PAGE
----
Matthew Scott PAUL, Appellant, v. STATE of Florida, Appellee.
In Paul v. State, 908 So.2d 1071 (Fla. 2d DCA 2005) (table decision), we affirmed Matthew Scott Paul's conviction and sentence for felony driving while license revoked.1 We cited Hilton v. State, 901 So.2d 155 (Fla. 2d DCA 2005) (en banc) (Hilton I ). The supreme court reversed Hilton I, quashed our decision in Paul, and remanded for our reconsideration. Hilton v. State, 961 So.2d 284 (Fla.2007) (Hilton II ); Paul v. State, 979 So.2d 954 (Fla.2008). On remand, we affirm.
A police officer stopped Mr. Paul's pickup truck because the left taillamp casing was broken. Mr. Paul told the officer that he did not have a driver's license but provided his name, social security number, and date of birth. The officer determined that Mr. Paul's license was revoked and arrested him. Mr. Paul moved to suppress his identification and statements, asserting that the stop was illegal. At the suppression hearing, the officer testified that the broken lamp casing emitted only white light. Mr. Paul introduced into evidence photographs showing the cracked left taillamp casing. His mother, who took the photos, testified that the cracked taillamp emitted both red and white light.
The trial court denied the motion to suppress. Thereafter, Mr. Paul pleaded no contest to driving with license revoked, reserving his right to appeal the denial of the dispositive motion to suppress. He was sentenced to one year and a day in prison.
Section 316.610, Florida Statutes (2002), provides:
It is a violation of this chapter for any person to drive or move, or for the owner or his or her duly authorized representative to cause or knowingly permit to be driven or moved, on any highway any vehicle or combination of vehicles which is in such unsafe condition as to endanger any person or property, or which does not contain those parts or is not at all times equipped with such lamps and other equipment in proper condition and adjustment as required in this chapter, or which is equipped in any manner in violation of this chapter, or for any person to do any act forbidden or fail to perform any act required under this chapter.
(1) Any police officer may at any time, upon reasonable cause to believe that a vehicle is unsafe or not equipped as required by law, or that its equipment is not in proper adjustment or repair, require the driver of the vehicle to stop and submit the vehicle to an inspection and such test with reference thereto as may be appropriate.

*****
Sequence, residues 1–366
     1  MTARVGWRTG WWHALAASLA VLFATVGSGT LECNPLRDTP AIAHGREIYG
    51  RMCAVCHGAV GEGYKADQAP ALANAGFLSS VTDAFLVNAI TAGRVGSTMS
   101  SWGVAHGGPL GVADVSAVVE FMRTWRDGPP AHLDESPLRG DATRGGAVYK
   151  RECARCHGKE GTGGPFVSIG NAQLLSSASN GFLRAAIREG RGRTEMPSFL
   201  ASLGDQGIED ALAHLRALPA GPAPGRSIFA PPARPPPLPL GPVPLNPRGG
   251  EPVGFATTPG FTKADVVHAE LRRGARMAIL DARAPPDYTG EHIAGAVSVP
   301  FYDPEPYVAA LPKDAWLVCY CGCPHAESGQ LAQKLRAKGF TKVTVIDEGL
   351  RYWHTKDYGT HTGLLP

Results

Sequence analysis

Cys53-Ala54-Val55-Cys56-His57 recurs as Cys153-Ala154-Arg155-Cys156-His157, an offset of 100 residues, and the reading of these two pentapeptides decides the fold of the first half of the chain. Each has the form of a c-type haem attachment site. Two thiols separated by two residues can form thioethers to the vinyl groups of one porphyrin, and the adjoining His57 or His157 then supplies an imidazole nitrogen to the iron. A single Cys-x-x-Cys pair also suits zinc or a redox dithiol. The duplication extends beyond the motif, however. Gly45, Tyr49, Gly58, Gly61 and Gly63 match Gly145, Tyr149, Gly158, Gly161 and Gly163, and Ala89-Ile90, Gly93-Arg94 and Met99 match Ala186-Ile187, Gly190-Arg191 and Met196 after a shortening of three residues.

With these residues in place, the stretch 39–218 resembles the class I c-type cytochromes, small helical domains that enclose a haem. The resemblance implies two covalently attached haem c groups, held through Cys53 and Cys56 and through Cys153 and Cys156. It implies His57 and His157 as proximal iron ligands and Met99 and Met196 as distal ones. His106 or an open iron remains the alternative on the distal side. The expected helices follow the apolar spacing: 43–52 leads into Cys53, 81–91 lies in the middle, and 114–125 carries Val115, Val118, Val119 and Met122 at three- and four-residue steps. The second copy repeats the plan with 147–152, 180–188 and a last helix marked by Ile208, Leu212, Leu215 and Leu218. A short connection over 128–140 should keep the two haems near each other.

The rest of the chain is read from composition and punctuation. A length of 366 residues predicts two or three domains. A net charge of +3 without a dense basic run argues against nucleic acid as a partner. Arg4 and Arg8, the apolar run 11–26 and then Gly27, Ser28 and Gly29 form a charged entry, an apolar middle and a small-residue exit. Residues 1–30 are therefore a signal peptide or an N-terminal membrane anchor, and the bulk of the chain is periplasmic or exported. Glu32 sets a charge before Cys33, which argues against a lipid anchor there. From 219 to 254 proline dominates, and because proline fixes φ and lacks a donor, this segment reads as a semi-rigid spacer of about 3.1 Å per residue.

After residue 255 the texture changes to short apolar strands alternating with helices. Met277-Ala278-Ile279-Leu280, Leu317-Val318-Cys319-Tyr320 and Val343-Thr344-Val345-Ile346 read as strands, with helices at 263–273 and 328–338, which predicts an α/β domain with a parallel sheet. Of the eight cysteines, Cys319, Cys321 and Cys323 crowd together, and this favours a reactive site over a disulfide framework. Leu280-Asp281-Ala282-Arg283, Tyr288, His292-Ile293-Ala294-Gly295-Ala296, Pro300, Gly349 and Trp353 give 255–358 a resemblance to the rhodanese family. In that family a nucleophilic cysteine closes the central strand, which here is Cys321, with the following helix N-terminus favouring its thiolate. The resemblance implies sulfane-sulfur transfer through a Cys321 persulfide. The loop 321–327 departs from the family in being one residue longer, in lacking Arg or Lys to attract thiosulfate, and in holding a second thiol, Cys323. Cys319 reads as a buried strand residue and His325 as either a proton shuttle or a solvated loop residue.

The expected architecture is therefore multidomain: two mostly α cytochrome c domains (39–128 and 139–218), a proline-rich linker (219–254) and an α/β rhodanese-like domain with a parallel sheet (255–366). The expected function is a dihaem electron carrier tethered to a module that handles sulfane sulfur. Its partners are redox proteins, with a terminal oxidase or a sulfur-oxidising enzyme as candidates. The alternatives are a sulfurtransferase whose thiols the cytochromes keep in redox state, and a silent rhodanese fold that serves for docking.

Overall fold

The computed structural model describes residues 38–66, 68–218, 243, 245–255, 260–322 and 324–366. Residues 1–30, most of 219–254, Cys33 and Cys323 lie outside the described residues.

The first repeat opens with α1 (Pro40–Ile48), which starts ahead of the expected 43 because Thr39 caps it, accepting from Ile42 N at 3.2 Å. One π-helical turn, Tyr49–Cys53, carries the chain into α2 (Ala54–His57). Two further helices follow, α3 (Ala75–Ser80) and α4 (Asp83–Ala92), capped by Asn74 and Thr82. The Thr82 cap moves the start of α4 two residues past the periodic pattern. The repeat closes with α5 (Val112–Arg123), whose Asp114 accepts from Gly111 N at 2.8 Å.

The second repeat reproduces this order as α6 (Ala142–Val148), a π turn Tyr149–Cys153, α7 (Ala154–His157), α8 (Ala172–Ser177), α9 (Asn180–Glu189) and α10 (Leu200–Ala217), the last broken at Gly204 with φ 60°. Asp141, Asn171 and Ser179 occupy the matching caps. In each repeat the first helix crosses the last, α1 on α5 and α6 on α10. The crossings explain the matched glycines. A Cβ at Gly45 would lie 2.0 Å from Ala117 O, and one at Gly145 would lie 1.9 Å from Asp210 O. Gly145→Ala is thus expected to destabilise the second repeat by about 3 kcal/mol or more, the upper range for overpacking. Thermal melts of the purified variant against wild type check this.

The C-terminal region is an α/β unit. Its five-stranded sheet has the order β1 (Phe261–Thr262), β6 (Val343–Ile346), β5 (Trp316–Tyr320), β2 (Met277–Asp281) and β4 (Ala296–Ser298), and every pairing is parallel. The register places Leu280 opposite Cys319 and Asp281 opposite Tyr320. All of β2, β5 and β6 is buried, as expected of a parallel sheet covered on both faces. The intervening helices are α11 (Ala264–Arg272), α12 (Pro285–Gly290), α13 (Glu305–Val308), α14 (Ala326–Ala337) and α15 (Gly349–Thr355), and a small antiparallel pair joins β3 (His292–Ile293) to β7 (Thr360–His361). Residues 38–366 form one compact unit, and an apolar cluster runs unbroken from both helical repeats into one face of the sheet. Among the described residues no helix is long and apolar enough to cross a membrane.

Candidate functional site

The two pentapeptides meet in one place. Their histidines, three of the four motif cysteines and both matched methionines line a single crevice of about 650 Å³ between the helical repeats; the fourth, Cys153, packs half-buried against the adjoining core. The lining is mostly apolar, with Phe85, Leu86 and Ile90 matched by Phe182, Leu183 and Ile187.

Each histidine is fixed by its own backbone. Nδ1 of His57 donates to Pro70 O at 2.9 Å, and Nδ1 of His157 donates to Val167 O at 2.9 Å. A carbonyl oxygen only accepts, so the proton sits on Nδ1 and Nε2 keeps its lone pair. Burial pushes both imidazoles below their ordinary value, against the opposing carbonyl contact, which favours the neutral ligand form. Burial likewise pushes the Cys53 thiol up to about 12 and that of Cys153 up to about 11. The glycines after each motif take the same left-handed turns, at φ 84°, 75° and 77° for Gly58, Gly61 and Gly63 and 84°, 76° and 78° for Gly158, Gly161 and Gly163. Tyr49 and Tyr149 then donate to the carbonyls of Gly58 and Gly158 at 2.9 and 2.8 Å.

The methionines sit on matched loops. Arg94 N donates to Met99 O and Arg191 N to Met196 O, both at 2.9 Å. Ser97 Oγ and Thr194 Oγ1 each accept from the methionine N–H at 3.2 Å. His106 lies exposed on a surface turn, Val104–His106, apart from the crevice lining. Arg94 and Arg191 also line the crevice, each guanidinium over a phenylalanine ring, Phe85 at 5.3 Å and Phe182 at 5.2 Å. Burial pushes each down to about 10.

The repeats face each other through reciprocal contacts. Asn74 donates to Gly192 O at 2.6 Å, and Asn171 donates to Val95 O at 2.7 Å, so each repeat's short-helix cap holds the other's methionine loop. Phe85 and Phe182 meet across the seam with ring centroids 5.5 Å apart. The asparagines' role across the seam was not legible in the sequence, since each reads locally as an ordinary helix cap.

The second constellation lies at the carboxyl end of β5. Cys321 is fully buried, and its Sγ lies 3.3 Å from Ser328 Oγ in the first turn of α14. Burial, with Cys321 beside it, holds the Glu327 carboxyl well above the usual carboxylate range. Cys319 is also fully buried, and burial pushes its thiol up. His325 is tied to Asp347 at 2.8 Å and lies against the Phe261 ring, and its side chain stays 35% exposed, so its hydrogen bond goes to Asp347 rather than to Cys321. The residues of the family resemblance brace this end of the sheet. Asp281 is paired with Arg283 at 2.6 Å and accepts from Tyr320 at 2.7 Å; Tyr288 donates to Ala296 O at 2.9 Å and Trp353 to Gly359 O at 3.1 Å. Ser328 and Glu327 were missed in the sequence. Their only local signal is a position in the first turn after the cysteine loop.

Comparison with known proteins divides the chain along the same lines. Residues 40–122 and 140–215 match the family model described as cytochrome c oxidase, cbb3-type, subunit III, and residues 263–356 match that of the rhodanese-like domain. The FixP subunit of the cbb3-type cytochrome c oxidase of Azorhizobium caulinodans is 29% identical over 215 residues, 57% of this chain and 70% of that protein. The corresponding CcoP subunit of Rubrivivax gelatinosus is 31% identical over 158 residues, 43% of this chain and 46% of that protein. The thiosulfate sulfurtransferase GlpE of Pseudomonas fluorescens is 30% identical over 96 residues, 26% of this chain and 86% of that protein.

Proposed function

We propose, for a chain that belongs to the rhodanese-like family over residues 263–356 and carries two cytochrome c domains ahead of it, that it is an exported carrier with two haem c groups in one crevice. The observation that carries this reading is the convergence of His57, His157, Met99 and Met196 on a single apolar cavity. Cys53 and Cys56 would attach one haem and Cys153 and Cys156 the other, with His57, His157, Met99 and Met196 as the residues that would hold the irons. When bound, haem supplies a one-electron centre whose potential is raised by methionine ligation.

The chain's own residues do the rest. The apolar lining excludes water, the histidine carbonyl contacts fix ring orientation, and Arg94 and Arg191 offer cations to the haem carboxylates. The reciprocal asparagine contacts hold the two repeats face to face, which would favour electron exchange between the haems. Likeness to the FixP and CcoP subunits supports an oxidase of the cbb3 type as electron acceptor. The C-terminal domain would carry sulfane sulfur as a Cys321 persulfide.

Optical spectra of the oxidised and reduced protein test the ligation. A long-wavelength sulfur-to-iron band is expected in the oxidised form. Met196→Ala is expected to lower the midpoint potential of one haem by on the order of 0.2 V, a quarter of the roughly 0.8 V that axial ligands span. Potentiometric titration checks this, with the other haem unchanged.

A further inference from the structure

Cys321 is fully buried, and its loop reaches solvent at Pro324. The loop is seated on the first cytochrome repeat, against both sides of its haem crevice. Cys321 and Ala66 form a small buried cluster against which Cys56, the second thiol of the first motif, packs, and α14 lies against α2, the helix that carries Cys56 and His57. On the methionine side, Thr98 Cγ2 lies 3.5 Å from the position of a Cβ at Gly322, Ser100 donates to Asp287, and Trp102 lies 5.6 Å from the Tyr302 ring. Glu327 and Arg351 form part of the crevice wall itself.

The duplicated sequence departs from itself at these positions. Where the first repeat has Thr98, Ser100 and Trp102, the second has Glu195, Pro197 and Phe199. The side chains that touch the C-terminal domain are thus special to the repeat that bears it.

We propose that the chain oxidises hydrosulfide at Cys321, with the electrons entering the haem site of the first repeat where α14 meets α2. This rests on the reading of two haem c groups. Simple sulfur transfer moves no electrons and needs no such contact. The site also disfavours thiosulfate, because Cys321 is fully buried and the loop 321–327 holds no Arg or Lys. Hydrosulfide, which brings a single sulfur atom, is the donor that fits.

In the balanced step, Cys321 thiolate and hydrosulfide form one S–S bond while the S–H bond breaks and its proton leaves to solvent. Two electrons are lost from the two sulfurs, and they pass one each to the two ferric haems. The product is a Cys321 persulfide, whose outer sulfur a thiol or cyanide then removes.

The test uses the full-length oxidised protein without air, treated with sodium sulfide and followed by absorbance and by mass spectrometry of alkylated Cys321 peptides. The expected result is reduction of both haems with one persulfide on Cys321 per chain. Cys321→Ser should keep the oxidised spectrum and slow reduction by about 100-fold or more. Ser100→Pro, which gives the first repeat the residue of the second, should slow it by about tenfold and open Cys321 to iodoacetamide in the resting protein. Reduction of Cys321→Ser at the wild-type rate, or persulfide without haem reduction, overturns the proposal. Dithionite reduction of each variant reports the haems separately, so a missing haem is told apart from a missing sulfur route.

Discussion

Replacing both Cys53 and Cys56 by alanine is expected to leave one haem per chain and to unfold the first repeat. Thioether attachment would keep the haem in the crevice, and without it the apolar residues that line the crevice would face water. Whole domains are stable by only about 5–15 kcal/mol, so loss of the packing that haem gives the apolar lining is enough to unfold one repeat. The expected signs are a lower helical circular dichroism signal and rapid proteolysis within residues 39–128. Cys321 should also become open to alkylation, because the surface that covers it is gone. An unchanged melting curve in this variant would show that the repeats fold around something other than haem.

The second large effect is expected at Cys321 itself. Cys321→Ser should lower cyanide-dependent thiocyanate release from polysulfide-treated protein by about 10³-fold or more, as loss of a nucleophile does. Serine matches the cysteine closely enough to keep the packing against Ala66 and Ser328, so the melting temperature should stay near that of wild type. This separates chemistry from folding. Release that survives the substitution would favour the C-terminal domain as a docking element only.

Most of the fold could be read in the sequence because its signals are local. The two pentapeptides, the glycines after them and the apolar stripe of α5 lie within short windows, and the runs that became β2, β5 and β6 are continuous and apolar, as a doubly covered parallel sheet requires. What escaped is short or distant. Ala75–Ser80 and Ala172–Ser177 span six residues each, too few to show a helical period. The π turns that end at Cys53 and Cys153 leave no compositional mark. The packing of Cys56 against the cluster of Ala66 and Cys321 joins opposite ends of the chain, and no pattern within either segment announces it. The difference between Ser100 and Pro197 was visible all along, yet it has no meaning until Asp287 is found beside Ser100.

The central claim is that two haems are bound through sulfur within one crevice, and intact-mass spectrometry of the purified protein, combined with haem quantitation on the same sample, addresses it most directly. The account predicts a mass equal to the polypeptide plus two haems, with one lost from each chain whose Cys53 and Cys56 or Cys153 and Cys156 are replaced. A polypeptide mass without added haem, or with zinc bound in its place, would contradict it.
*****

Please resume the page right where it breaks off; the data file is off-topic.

In Hilton I, we reasoned that section 316.610(1), Florida Statutes (2001), permitted a stop for a cracked windshield, regardless of whether the crack made the vehicle unsafe, based on the statutory language allowing a stop if the vehicle's equipment is not in proper repair. 901 So.2d at 157. In Paul, we followed Hilton I and reasoned that the stop for a broken taillamp casing was lawful because it was not in proper repair. Paul, 908 So.2d 1071.
In reversing Hilton I, the supreme court reasoned:
The United States Supreme Court has held that stopping a vehicle is permissible under the Fourth Amendment only where there is a reasonable suspicion that either the vehicle or an occupant is subject to seizure for a violation of law. See Delaware v. Prouse, 440 U.S. 648, 663, 99 S.Ct. 1391, 59 L.Ed.2d 660 (1979). Thus, for a stop to be constitutional under the “not in proper adjustment or repair” section of 316.610(1), the equipment defect or damage must be in violation of the law.
961 So.2d at 290.
The supreme court observed that section 316.610's introductory paragraph provides that the types of equipment defects that violate the law under the statute, and thus allow a stop under section 316.610(1), are those that render the vehicle unsafe or violate statutory requirements for specific equipment. Id. Thus section 316.610 must be read together with those statutes that delineate specific equipment requirements. Id. (citing Doctor v. State, 596 So.2d 442, 446 (Fla.1992)). The court held in Hilton II that section 316.610 did not authorize an officer to stop a vehicle for any windshield crack under the “ ‘not in proper adjustment or repair’ provision of subsection (1)”; because section 316.2952, Florida Statutes (2001), did not require a windshield free from cracks, a vehicle stop for a windshield crack was authorized only if it posed a safety hazard. Id.
Similarly, section 316.221(1), Florida Statutes (2002), does not require taillamps free from cracks or breaks:
Every motor vehicle, trailer, semitrailer, and pole trailer, and any other vehicle which is being drawn at the end of a combination of vehicles, shall be equipped with at least two taillamps mounted on the rear, which, when lighted as required in s. 316.217, shall emit a red light plainly visible from a distance of 1,000 feet to the rear․
But, the taillamps must emit a plainly visible red light. The instant record contains competent, substantial evidence that the broken taillamp did not meet that statutory requirement. Therefore, the trial court properly denied Mr. Paul's motion to suppress.
1. See § 322.34(5), Fla. Stat. (2003).
DAVIS, J., Concurs. WHATLEY, J., Concurs in result only.